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Ilhan Omar's congressional district ranked the worst in America for black people

Glen Stubbe, Star Tribune

Glen Stubbe, Star Tribune

Ace newsman and patriot Tucker Carlson recently declared that white supremacy is a “hoax.” You might say the numbers betray his thesis.

The average black American household makes $25,000 less than the average white one, and black workers are twice as likely to be unemployed as their white brethren.

A superiority complex isn't entirely to blame. You could trace the myriad reasons all the way back to the founding of the country. But suffice to say that an expansive gap in prosperity still exists 150 years after the abolition of slavery. And it's at its worst in Minnesota's 5th congressional district, headquartered in Minneapolis.

So say the findings of the financial site 24/7 Wall Street. It used Census Bureau data to rank districts based on household income, poverty, education, home ownership, and unemployment rates. Then it adjusted the data for regional cost-of-living disparities.

As a place for black people to make a home, the 5th finished dead last.

The district, represented by Congresswoman Ilhan Omar, is composed of roughly 700,000 people, including immediate suburbs like St. Louis Park, Richfield, and Fridley. Its essential stats are damning.

The black poverty rate is 37 percent, while the white comes in at 9 percent. Black unemployment is four times higher than white, 12 percent to just 4. Yet home ownership is where it really gets bad. The white rate is 63 percent. For blacks? A mere 19 percent.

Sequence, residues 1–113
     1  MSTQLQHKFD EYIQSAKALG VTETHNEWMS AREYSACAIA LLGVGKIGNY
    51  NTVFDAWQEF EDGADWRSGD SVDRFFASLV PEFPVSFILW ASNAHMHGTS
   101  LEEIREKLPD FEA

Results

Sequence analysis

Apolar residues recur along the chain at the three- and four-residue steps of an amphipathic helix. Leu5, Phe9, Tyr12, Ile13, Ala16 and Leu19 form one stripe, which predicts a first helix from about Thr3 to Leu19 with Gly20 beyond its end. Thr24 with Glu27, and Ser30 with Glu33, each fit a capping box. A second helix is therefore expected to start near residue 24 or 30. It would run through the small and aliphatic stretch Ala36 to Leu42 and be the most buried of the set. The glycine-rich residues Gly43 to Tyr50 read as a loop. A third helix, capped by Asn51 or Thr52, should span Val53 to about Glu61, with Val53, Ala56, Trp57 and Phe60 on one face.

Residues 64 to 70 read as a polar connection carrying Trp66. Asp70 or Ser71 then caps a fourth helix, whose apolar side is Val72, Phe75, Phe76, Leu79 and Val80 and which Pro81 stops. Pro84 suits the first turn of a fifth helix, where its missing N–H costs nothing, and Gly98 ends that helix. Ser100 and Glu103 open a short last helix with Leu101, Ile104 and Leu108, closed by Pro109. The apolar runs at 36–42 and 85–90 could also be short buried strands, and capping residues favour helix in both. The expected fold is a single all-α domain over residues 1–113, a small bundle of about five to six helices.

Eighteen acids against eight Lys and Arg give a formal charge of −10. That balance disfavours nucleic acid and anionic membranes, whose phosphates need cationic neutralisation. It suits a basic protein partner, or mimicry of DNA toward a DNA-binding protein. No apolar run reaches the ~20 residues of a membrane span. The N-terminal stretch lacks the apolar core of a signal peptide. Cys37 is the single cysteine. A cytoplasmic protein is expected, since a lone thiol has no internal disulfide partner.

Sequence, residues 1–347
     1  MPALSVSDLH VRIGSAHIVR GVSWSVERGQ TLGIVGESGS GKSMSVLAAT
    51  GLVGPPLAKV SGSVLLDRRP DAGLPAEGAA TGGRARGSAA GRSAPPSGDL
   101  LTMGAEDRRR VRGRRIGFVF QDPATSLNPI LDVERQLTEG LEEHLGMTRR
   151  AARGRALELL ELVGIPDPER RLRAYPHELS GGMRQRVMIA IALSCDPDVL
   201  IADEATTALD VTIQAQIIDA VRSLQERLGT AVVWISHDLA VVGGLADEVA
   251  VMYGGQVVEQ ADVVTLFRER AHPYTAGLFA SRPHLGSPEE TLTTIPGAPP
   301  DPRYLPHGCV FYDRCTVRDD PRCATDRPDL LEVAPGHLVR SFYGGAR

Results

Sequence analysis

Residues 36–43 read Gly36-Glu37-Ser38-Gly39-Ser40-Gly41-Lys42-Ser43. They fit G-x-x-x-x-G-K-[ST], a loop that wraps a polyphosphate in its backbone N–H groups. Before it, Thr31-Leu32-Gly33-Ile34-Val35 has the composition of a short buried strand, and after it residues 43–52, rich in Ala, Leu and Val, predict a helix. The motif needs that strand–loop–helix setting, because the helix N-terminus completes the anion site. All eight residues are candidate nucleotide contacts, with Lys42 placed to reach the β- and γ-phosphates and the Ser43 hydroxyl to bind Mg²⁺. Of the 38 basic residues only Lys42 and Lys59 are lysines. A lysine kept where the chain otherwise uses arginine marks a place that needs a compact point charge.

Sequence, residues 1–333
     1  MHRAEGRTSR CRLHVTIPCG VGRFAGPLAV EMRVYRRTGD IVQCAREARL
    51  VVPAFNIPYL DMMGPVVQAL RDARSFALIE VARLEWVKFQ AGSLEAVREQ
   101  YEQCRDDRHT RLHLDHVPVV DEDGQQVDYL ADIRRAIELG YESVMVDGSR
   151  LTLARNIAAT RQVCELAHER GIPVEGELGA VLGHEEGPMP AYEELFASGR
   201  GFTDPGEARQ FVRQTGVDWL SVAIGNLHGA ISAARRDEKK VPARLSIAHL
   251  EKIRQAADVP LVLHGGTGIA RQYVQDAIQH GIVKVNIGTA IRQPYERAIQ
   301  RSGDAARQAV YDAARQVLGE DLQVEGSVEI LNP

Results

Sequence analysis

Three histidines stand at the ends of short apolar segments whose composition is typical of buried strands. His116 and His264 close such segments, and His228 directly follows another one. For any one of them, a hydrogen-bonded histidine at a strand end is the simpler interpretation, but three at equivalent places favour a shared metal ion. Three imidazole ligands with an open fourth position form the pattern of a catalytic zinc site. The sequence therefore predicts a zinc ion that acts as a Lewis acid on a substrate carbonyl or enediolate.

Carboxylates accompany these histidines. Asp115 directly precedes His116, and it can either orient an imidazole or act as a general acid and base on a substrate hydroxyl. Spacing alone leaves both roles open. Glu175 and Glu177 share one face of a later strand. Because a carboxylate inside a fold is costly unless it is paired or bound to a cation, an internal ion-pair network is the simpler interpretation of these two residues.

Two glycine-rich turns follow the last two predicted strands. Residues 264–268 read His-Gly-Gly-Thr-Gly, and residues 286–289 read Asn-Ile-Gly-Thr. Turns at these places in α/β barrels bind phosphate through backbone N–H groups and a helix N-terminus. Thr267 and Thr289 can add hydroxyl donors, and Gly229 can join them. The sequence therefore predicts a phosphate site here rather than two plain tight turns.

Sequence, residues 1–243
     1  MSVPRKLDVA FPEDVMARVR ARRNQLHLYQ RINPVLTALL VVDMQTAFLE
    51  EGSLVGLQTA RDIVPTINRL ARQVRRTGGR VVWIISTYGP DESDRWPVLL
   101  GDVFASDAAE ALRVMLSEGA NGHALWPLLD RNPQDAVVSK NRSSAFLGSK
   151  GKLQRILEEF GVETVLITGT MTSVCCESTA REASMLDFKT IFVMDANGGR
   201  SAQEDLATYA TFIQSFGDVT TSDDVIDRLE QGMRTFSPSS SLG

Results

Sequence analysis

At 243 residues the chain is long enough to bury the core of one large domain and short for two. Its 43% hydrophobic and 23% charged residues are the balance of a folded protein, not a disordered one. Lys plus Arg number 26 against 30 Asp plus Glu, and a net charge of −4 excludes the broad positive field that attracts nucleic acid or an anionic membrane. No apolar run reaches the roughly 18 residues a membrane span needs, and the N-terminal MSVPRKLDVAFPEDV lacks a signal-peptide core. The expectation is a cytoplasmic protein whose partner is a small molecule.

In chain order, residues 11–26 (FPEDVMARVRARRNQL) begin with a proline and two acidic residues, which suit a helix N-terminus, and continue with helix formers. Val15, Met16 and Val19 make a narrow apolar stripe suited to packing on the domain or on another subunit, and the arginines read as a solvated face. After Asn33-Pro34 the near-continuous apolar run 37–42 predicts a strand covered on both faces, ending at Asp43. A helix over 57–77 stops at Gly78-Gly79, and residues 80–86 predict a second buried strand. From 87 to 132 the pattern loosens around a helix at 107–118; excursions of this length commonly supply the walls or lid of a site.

None of this has much to do with Omar. She's been in Congress a mere seven months, and a single congresswoman can't achieve much unless you convince 534 other people to go along. And one of them is Mitch McConnell.

24/7 Wall Street admits as much, saying her district's troubles are “largely the legacy of historic racism. Minneapolis is one of several Midwestern cities that enacted restrictive housing covenants and exclusionary zoning policies in the early 20th century. These policies impact residential patterns to this day.”

But this is true in varying degrees in most every city. The more likely culprit is that a large percentage of the black population consists of newer refugees who can't be expected to find their economic footing as soon as they step on American shores.

The other is housing prices, which are crushing everyone of modest means, regardless of melanin. It's one reason why Minneapolis' ratio of residents of color runs more than 20 percent below St. Paul's. When you're making $25,000 less a year, you head to the town where sticker prices don't induce cardiac arrest.

The 5th isn't alone among its Midwestern cousins. The heartland took four of the worst districts for black people, including districts in Chicago, Milwaukee, and one that includes Peoria and Rockford, Illinois. Rochester, New York was the only intruder to horn in on our notoriety.  

A previous version of this article used an unrelated image of damage from the 2011 tornadoes that struck Minneapolis.